Let me explain.

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Evangelism – learning from unbelievers

There’s a saying in chess that, if you are in doubt about your next move, choose the move your opponent would like least.

I reckon a similar, but opposite, saying might apply to christian evangelism: if you are wanting to evangelise, try to choose the behaviour your friend would most appreciate.

A recent study by the Barna Group in the US provides some invaluable insights from those who are the targets of christian evangelism.

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Church for the 21st century?

This is possibly the most revolutionary, revelatory and important book about the church and mission I have ever read.

If you are interested in how the 21st century church can become a missionary community in first world countries, this book can teach us new ways, and inspire us to new efforts.

If you are tired of the church life that you have inhabited for years, and want something new, effective and Jesus-focused, check out this book.

I learned so much from it. Ideas I have had were confirmed in it. I was inspired by it.

Read on to find out why.

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When thoughtful christians begin to doubt

In my previous post (When sensitive and thoughtful people begin to doubt) I looked at 4 different sets of musicians who were christians earlier in their lives, but had struggled with faith since then. Now I want to share a few thoughts on how churches and parents might help their youth to be able to face doubts sensibly and on a good basis.

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When sensitive and thoughtful people begin to doubt

Do you know someone who appeared to be a strong christian, and then began to doubt the truth of the whole thing?

I’m guessing they were likely someone in their twenties, brought up as believers but suddenly facing questions they didn’t have answers for and issues they couldn’t easily resolve. And I’m guessing many of them ended up either giving up their faith or radically changing what they believed.

It seems to be a frequent occurrence these days. Maybe we can learn something from these musicians who have gone public on their doubts and how their beliefs have changed.

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Which Jesus did you worship this Christmas?

Jesus is such an important and admired character in world history and western culture that everyone seems to want to claim him for their tribe. So there are many different versions of Jesus for us to believe in.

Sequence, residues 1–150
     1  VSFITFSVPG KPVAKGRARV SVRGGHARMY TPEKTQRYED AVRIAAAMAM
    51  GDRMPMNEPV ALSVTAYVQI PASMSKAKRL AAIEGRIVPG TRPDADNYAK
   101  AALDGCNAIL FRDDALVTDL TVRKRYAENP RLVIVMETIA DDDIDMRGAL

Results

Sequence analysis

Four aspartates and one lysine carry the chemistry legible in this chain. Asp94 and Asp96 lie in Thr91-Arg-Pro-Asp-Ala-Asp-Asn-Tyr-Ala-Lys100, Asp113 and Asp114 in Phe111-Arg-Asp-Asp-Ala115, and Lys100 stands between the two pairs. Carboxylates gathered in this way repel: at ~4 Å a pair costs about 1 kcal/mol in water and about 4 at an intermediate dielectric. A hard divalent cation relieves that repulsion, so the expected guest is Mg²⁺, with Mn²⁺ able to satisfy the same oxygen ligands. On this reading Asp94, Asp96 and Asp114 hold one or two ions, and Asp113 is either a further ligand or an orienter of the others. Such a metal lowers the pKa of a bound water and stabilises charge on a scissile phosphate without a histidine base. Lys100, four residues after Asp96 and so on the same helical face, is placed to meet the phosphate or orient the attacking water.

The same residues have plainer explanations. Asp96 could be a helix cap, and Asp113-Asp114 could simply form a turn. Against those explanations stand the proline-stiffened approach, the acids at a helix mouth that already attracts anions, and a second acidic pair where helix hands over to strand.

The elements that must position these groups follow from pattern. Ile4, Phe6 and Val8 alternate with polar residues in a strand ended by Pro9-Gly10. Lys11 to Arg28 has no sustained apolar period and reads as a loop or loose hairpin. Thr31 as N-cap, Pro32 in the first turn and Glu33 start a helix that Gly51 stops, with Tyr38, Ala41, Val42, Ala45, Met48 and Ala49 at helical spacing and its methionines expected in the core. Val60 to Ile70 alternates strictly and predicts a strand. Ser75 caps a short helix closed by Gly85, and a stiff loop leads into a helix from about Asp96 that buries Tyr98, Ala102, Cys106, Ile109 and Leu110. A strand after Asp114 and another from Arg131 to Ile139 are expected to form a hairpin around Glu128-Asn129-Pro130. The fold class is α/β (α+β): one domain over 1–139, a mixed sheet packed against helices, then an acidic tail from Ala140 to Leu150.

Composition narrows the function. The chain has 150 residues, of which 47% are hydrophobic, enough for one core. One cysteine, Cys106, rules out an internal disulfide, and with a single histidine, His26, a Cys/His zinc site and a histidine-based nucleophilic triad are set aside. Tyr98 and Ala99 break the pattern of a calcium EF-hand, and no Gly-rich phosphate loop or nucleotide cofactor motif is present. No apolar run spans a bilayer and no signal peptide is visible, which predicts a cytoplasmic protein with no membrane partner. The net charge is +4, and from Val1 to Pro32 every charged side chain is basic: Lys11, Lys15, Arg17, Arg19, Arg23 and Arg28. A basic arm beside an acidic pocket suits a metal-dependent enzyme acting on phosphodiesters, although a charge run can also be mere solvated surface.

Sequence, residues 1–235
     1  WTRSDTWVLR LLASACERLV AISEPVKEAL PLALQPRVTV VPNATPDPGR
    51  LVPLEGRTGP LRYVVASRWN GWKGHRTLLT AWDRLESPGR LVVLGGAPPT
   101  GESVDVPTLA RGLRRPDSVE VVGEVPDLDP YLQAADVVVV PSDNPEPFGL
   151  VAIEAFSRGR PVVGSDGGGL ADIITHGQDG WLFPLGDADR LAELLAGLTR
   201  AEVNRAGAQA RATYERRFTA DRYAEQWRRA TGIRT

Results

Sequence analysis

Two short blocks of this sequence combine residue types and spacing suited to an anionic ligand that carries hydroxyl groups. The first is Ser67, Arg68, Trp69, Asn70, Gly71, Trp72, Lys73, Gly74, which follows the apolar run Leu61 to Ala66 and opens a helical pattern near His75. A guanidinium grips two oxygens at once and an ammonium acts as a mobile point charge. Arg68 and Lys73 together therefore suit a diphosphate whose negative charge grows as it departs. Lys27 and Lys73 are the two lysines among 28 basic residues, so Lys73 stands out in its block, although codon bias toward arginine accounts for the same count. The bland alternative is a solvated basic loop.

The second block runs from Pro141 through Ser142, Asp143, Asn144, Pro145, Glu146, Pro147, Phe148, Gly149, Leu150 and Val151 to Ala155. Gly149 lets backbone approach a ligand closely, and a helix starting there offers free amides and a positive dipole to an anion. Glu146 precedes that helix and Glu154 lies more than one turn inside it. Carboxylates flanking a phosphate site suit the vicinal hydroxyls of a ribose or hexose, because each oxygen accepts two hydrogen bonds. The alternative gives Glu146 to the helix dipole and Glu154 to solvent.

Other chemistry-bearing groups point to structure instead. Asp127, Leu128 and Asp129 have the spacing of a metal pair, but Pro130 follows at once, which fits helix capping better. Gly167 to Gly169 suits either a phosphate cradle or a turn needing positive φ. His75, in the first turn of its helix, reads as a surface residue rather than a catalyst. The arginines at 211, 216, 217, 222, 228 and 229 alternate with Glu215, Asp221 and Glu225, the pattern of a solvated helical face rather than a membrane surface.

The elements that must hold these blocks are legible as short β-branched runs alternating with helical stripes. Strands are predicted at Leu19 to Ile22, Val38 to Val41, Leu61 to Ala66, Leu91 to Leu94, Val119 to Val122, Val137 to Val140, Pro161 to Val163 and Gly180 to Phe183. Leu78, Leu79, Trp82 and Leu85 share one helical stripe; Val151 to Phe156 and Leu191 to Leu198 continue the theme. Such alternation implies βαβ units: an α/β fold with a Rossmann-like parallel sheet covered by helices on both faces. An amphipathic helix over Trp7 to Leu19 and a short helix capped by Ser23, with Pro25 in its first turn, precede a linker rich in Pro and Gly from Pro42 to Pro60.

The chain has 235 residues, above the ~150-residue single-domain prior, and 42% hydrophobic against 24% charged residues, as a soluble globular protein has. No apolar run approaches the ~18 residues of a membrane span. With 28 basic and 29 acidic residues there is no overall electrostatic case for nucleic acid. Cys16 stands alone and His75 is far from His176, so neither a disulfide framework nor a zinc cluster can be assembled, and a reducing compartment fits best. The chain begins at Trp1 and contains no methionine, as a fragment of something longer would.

Shopping mall Jesus

This is the most obvious Jesus, and the easiest to see through. Two months before Christmas, supermarkets and shopping malls began stocking Christmas goods and playing the infernal muzak Christmas carols, and it isn’t long before nativity scenes begin to appear. A cute baby, a beautiful madonna mother who can’t find a room at the inn, lots of fluffy animals and a cast of rich kings and poor shepherds – what’s not to like?

This Jesus wouldn’t say anything against the commercialisation of his fake birthday, and he is apparently happy to help move product off shelves and maximise end-of-year profits.

Most of us buy into this monetary worship by spending up big buying presents which are generally in excess of needs, but while we like the story, we know the real story in the gospels has nothing to do with profit. This Jesus is only a faint shadow of the real person.

Cosmic sacred Jesus

The carpenter Jesus of the gospels becomes in Revelation a cosmic Jesus to be worshiped. This Jesus is perhaps best “seen” in grand Medieval cathedrals, with their soaring spires emphasising how far God is above us mere mortals. Inside, the same point is made with the cathedral clearly divided into “God’s end”, where only the priests can minister, and the people’s end.

This Jesus has risen far above his humble earthly beginnings among farm animals, and is now so distant that many Catholics seem to think that his mother is more likely to hear them, and some Protestant televangelists and megachurch pastors seem to think he isn’t watching their sleazy and materialistic behaviour.

This Jesus certainly reflects some important Biblical teachings, but he’s a long way from the Jesus of the gospels.

Cosmic hippy Jesus aka progressive Jesus

Cosmic hippy Jesus used to be popular, and he still puts in an appearance sometimes today in a new guise as progressive Jesus. This Jesus is all about love, though not always the sort of love described in the Bible; he accepts everyone and condemns no-one. He’s definitely left wing politically, caring for all the alienated and repressed people, such as refugees, the LGBTQI community, oppressed indigenous communities and victims of war and violence. He is much admired by people who are spiritual but not religious. In fact, he never enters a modern western church, and if he did, they wouldn’t recognise him.

The new progressive Jesus is not as extreme as cosmic hippy Jesus, and built on a better understanding of the New Testament. But he still definitely emphasises love and acceptance over judgment.

I have a lot of affection for this Jesus. I share a lot of his values, including most of the ones I’ve just mentioned. And this Jesus can be found in the pages of the gospels. Sort of. But the Jesus of the gospels did judge and criticise, and his love was often a tougher love than cosmic hippy Jesus ever exhibits.